Former Internet radio host Hal Turner offers a possible reason for Paulson's sudden sense of urgency. In this post, Turner states that the last hour of trading on Friday September 26th was what he calls a "quadruple witching hour." During that hour, contracts for stock index futures, stock index options, stock options and single stock futures (SSF) all expire. Quadruple witching hours occur only four times a year, on the third Friday of March, June, September and December.
Turner further states that Bush, Paulson and Bernanke knew that if a solution was not found by close of business Friday, the markets would plummet starting in Asia on Sunday night (Sep 28 East coast time) because with all the options and futures having now expired, the market is free to "correct" itself. He believes that if no bill is passed by Sunday night that things will "go to hell" starting Monday.
Closer to home, Utah's Congressional delegation has reservations about the scheme as well. Lame duck Republican Rep. Chris Cannon is likely to vote against the bill, because he believes it will confer vast authority upon the Treasury with no limitations and no descriptions. Democratic Rep. Jim Matheson questions whether this proposal will stabilize markets and wants to hear from financial experts who think otherwise. While he doesn't want the markets to crash due to inaction, he also doesn't want to back such an expensive bill without some assurances that it will have the desired effect. Republican Rep. Rob Bishop worries about the costs to taxpayers and a permanent shift of power and financial responsibility to the federal government, but says Congress must do something.
In the other body, Republican Utah Sen. Orrin Hatch said he is also far from impressed with the current plan. He is not interested in putting present and future taxpayers' money at risk for the sake of bailing out those who have made greedy or foolish decisions. But the other Republican Utah Senator Bob Bennett, as a member of the Senate Banking Committee, is the one most involved in the debate. During a banking committee hearing on Tuesday September 23rd, he questioned Paulson on the details, pointing out the more the Treasury pays for the bad debt, the more it helps banks, but the more it costs taxpayers. His primary concern is that he doesn't know how it will work; there's no precedent.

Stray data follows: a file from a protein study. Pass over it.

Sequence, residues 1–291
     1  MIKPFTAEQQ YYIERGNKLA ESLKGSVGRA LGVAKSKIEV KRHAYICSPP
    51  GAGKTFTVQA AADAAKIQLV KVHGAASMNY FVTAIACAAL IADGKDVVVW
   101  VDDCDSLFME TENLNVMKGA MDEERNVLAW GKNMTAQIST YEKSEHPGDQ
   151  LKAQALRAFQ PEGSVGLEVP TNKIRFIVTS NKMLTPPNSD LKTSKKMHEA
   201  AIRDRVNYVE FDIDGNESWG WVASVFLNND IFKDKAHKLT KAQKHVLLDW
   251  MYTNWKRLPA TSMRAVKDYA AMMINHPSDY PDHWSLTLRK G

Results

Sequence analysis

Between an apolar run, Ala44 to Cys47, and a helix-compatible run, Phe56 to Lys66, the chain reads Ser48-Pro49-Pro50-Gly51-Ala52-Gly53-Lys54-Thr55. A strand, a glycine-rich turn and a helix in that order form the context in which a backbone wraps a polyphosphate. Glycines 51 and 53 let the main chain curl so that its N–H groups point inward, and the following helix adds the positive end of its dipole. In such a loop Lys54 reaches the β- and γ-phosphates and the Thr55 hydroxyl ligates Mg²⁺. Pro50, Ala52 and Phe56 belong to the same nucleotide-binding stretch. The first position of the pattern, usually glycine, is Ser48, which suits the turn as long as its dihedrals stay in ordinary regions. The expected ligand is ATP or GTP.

Commentary: For far too long, Wall Street has dictated to Main Street. The gap between rich and poor in America has swelled to astronomical proportions. This crisis gives Main Street serious leverage over Wall Street for the first time in 40 years. Congress has the power to level the playing field between the two entities. Congress must yield to the public will and let the Administration know that it is willing to call their bluff - unless serious concessions are made. This is also an opening to place serious restrictions on the rampant offshoring that's been taking place. In short, this is a once-in-a-generation opportunity to bring corporate America back within American suzerainty, and we're foolish if we throw it away on more rhetorical flowers and candy from the plutocracy. We can finally put a leash on globalization.